1. Motivation to Practice. Having the instrument out on an instrument stand can be a great way to motivate yourself (or kids, especially!) to practice. It can be irritating to have to open the case and get everything set up correctly, but when the instrument is immediately accessible it is also that much more motivating to play it.

2. Time Saver. If you have to squeeze in practice time between the million other things inyour day then taking your instrument out and packing it up again can waste valuable practice time! With the instrument safely out of its case, you can move away from and return to your instrument to practice without fumbling with shoulder rests or endpins for those valuable minutes.

3. Useful at Gigs. 
Bringing a violin stand or a cello stand to your gig with you can prove veryuseful. A violin stand is a must-have if you switch between instruments at gigs. Or, if you are playing only the one instrument, it can be a much more secure way to hold the instrument during breaks than simply perching your violin on your chair.

4. A Way to Display Your Instrument. When used at home, the cello stand can be a beautiful way to safely display your treasure. It thereby enhances the ambience of the room much more than leaving it in the case would!

If you’re looking for a violin stand, we have several options: 

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Topics: Violin, Viola, Cello, Practice, Product Reviews, Instrument Stand

Violin and Viola Accessories: The Top Five List

Posted by Alberta Barnes on Sep 18, 2012 2:58:00 PM

Are you or your child just starting to play the violin or viola? Here are a few necessary accessories that you will need as you start out on this exciting journey.

1. Rosin
Without rosin your bow won’t work. It helps to create friction between the horsehair and the strings which, in turn, causes vibrations. There are a plethora of options to choose from, so here are a few guidelines. 

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Topics: Beginner Violin, Metronomes, Tuners, Rosin, Shoulder Rests, Music Stands, Accessories, Mutes

Used Violins – The Best Deal?

Posted by Alberta Barnes on Aug 31, 2012 11:30:00 AM

Getting set up with a good instrument when you first start out can be confusing, stressful, and expensive. If you are on a budget, finding the most bang for your buck can be even more overwhelming. What to do?? Before you delve into the realm of “Violin Shaped Objects” on ebay or craigslist, first think about getting a used or blemished instrument.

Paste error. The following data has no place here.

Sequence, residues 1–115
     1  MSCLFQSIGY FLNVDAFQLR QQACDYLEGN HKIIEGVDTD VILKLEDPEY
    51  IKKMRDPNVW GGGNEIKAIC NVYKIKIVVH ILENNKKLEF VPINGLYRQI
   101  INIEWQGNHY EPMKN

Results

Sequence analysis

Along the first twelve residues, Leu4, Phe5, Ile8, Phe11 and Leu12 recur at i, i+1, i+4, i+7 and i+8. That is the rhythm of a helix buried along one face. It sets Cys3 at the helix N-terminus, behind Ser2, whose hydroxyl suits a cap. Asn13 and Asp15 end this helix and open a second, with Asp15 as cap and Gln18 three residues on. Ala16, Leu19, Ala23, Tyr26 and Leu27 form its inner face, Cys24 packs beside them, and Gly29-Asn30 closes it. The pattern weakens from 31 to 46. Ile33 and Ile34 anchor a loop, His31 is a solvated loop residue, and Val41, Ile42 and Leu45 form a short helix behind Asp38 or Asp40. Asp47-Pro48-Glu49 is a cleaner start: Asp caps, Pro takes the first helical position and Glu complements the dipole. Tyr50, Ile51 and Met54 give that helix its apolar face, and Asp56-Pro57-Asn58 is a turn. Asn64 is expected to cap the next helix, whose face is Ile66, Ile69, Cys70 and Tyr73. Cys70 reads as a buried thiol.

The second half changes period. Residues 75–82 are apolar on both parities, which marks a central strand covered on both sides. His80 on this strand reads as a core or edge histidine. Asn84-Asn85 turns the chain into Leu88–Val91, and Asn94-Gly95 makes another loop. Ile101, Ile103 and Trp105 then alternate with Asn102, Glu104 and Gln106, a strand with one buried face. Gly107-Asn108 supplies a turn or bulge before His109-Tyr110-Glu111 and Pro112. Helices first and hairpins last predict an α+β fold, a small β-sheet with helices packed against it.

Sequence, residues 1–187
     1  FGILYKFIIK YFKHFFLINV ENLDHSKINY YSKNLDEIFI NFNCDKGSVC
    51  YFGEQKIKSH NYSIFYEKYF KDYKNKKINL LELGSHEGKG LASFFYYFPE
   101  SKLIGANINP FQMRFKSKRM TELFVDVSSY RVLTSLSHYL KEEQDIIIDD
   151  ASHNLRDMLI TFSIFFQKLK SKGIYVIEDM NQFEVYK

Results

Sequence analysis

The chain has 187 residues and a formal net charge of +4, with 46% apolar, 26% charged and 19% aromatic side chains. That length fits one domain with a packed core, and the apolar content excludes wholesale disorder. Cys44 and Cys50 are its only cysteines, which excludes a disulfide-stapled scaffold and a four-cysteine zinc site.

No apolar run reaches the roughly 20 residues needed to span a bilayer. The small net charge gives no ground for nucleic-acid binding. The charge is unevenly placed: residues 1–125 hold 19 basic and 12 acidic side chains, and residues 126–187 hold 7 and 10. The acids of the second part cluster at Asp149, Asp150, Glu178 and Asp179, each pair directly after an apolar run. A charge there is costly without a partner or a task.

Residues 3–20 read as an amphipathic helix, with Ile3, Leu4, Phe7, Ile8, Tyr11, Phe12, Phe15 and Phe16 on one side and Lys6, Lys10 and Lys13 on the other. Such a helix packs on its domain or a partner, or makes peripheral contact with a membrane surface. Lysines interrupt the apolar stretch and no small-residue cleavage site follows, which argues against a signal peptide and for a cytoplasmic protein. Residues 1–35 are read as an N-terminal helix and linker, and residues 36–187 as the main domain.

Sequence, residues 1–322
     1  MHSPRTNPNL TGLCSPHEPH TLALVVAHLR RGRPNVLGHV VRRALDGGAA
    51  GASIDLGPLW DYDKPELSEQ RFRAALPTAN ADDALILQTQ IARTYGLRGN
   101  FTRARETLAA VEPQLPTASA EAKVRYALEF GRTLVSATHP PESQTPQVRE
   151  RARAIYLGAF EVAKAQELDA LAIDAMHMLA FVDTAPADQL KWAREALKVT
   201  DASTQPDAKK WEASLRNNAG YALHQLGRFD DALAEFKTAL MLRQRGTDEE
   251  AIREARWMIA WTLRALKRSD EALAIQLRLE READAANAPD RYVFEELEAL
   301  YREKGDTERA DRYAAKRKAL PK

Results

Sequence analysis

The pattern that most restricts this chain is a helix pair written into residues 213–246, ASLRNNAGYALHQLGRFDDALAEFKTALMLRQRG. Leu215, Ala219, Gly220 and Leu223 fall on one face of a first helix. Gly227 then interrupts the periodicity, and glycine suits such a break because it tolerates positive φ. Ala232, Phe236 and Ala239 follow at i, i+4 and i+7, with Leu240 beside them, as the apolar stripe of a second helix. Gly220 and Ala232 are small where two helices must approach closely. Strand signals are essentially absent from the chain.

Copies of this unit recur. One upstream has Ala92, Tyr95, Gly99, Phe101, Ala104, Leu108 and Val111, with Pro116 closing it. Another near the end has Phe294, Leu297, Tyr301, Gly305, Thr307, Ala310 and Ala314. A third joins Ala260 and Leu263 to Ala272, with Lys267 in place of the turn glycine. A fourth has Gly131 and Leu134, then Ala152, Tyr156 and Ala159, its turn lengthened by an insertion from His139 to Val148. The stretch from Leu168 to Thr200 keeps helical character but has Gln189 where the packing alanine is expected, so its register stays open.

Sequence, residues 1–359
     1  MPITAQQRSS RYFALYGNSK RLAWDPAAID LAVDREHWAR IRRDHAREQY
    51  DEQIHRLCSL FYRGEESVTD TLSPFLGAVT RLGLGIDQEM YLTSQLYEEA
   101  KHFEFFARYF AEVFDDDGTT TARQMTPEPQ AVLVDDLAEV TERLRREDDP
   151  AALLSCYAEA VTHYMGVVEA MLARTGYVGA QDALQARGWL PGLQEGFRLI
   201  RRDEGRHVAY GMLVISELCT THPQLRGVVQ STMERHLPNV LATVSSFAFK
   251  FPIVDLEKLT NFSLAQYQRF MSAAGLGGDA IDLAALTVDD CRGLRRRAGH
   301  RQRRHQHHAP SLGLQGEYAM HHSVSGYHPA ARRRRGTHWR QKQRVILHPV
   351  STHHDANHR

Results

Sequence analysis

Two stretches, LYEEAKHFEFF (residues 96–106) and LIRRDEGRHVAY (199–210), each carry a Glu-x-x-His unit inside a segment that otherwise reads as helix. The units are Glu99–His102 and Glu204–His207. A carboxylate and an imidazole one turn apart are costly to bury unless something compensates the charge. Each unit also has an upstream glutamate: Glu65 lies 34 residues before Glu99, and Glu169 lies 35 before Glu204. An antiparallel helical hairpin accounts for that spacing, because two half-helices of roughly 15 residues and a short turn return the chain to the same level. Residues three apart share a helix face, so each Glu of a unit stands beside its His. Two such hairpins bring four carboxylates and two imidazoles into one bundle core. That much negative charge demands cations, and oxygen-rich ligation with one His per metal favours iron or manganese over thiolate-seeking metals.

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Topics: Beginner Violin, Violin-Shaped Object, Used Violins, Cheap Violins

A Silent Violin?

Posted by Alberta Barnes on Aug 23, 2012 4:11:00 PM

Aren’t violins made to be heard? Why would you want a silent one, then? Well, silent violins have several advantages (besides just being fun to play!). Here are some thoughts!

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Topics: Violin, Practice, Electric Violin, Silent Violin

What Is the Difference Between a Violin and a Fiddle?

Posted by Alberta Barnes on Aug 15, 2012 10:26:00 AM

With Mark O'Connor's workshop and concert in Ann Arbor fast approaching, we thought we'd share a quick blog post that answers the most timeless question of them all: What exactly is the difference between a violin and a fiddle?

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Topics: Violin, Mark O'Connor, Fiddle

Violin Sheet Music: The Top Five List

Posted by Alberta Barnes on Aug 1, 2012 4:14:00 PM

Over the years I have purchased sheet music, borrowed violin sheet music from the library, and given away scores upon scores (pun intended) of other pieces of violin sheet music. But of all the pieces that have been given and taken away, I have found that the following five books will stay with me.

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Topics: Violin, Beethoven, Sheet Music, Bach, Mozart, Brahms, Kreisler

Wedding Sheet Music: What to Play This Summer

Posted by Alberta Barnes on Jul 24, 2012 10:40:00 AM

Wedding season is underway! Do you have the sheet music you need for all of your upcoming wedding performances?

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Topics: Violin, Sheet Music, Viola, Cello, Wedding, Piano